Is living water what you’re thirsty for?

Dr. David L. Chancey's picture

Our family is on the downhill stretch of preparing for my daughter Ruth’s wedding. There are still last minute tasks, but we’re seeing the light at the end of the tunnel.

Ruth’s had several nice showers, and we’re grateful for the generosity and kindness of so many people. Recently, my two older daughters, Rebecca and Rachel, were home to co-host a shower on the north side of Atlanta.

On Sunday morning, we took Rachel back to the airport in plenty of time to find her way and allow for delays. She checked in online and printed her boarding pass, and I even called the toll-free line to confirm her information.

Her flight was on time, and her gate was B-1. She made it through security fine, made her way to B terminal and walked all the way to the end to gate 1, and no one was there. Completely empty.

So Rachel found someone to ask, and this agent said, “It’s T-1.” Rachel took the moving sidewalk, jogging along, carry-on bag in tow, while she backtracked to T-terminal.

By now, time is getting tight. She hurried all the way to the end of T-terminal, found gate 1, and it was completely empty. This was now beginning to look not so good.

Rachel found another agent, who again checked the data, and said, “It’s T-7.” So she ran to T-7, and her flight was boarding. By now, she was sweating, winded, stressed, and especially thirsty. She decided she had time to walk over to the shop across the way and buy a soda. Rachel didn’t realize that the soda was frozen, and when she opened it, it spewed all over her.

She took a couple of gulps, threw it away and boarded her flight. They got airborne, and the flight attendants started cabin service. Rachel was parched and couldn’t wait for the cart to get to her. She had to have some water.

The flight attendants made it through three rows when the captain came on, announced turbulence ahead, and told the flight attendants to take their seats. That was that. She was finally able, over an hour later, to satisfy her thirst when they got on the ground.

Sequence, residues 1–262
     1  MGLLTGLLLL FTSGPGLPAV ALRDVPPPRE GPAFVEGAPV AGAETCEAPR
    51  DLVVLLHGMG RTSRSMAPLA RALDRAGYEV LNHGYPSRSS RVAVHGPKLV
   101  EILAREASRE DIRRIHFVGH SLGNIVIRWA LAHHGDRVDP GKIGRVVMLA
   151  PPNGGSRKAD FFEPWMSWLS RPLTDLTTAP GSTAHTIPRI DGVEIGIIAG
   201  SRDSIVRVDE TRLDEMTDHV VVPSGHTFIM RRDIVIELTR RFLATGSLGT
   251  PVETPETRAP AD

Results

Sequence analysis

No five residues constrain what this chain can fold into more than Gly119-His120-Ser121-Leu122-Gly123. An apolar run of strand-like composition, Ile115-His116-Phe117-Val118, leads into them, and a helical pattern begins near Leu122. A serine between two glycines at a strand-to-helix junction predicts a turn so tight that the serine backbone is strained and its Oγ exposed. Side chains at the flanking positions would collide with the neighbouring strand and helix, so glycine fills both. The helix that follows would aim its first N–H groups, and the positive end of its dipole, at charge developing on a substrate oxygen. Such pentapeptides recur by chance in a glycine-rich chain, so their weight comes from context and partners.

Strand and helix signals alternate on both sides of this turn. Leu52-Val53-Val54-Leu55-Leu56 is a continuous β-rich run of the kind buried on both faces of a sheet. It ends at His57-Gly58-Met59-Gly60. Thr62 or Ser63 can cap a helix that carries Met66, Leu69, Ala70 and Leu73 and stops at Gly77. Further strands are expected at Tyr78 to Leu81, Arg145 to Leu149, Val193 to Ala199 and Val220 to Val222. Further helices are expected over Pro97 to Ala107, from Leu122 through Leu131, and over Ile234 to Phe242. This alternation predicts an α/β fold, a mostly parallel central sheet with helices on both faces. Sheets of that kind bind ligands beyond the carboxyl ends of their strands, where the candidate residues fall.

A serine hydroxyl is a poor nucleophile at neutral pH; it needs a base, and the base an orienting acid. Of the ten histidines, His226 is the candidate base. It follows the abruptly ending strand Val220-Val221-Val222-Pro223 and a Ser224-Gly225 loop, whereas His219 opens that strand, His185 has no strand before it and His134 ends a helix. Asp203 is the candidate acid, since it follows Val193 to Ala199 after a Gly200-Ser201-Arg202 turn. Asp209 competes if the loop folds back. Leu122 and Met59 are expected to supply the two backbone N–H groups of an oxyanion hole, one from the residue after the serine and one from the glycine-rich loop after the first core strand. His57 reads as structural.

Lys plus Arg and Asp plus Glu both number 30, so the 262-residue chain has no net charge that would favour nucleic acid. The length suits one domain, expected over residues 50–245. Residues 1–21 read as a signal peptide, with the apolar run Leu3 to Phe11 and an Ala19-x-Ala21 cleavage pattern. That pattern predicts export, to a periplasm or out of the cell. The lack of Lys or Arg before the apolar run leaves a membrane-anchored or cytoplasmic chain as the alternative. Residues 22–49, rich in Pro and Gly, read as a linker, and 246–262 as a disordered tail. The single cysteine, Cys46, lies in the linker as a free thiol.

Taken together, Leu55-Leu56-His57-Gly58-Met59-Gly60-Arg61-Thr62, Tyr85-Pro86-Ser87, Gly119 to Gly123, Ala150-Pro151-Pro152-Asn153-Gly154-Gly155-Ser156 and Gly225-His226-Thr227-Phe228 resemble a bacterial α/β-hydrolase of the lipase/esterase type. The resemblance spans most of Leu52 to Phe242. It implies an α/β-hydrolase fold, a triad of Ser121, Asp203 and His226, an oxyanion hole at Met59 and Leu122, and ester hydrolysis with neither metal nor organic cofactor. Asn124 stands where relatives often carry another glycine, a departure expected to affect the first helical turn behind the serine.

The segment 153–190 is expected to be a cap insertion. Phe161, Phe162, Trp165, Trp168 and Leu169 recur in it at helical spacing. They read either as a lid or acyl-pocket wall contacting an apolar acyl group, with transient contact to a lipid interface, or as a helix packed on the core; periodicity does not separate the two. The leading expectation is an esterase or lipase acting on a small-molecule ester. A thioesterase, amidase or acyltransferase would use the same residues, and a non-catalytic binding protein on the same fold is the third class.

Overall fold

How are you attempting to satisfy your thirst? God created within us a thirst, or desire, or void. Some folks attempt to quench this thirst with a career, a person, a sport, a hobby, a bank account or something temporal to fill this void. But they can’t find that sense of satisfaction.

In John 4 is recorded a famous conversation that Jesus had with the woman at Jacob’s well. Jesus journeyed through Samaria and arrived at the well in the heat of the day. A Samaritan woman came to draw water, and Jesus engaged her in a conversation.

He said, “Whoever drinks of this water will thirst again, but whoever drinks of the water that I shall give him will never thirst. But the water that I shall give him will become in him a fountain of water springing up into everlasting life” (John 4:13b-14).

In contrast to the water in Jacob’s well that temporarily quenches our physical thirst, Jesus gives water that once and for all will quench our spiritual thirst. The source of this water is Jesus Himself, a constantly flowing fountain of spiritual nourishment.

So the ultimate answer to, “What satisfies our thirst?” is a relationship with Jesus Himself, who said, “I have come that they may have life, and that they may have it more abundantly” (John 10:10b).

Is living water what you’re thirsty for?

Dr. David L. Chancey is pastor, McDonough Road Baptist Church. The church family invites you to join them this Sunday for Bible study at 9:45 a.m. and worship at 10:55 a.m. Their annual Spring Fling is Saturday, April 17, 2-4 p.m.

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